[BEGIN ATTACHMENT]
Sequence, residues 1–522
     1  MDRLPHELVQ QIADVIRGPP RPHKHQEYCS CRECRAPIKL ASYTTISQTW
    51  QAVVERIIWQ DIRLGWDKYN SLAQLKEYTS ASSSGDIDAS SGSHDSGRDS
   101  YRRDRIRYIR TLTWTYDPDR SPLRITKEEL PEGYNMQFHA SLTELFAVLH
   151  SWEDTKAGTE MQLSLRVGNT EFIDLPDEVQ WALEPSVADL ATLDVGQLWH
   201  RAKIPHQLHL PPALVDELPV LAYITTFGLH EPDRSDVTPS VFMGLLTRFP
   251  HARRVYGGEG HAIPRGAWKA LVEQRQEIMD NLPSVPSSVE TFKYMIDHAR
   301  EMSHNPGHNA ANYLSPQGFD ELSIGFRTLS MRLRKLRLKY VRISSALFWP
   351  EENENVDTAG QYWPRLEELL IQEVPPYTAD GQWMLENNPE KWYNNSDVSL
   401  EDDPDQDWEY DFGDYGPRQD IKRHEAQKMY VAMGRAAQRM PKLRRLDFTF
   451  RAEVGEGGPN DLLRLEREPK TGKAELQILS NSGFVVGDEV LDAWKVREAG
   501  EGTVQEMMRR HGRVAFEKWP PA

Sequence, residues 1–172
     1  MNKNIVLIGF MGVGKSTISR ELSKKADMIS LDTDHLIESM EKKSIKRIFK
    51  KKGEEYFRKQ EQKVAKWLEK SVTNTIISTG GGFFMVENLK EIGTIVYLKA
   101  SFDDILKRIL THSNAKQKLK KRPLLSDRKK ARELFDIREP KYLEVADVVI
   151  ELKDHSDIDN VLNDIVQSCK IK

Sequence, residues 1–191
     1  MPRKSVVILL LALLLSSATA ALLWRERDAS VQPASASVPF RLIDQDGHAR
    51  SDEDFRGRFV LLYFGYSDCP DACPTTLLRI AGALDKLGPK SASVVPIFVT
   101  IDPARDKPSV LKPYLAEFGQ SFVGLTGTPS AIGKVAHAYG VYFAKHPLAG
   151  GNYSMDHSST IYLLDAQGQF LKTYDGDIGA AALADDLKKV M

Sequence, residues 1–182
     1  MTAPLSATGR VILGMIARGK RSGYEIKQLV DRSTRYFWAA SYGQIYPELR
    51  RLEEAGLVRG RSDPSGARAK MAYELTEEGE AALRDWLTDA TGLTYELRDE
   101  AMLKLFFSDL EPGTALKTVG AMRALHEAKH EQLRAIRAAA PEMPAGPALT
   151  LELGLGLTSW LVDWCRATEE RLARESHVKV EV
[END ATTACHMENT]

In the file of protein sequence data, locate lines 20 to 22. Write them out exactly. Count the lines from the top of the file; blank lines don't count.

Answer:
    51  SDEDFRGRFV LLYFGYSDCP DACPTTLLRI AGALDKLGPK SASVVPIFVT
   101  IDPARDKPSV LKPYLAEFGQ SFVGLTGTPS AIGKVAHAYG VYFAKHPLAG
   151  GNYSMDHSST IYLLDAQGQF LKTYDGDIGA AALADDLKKV M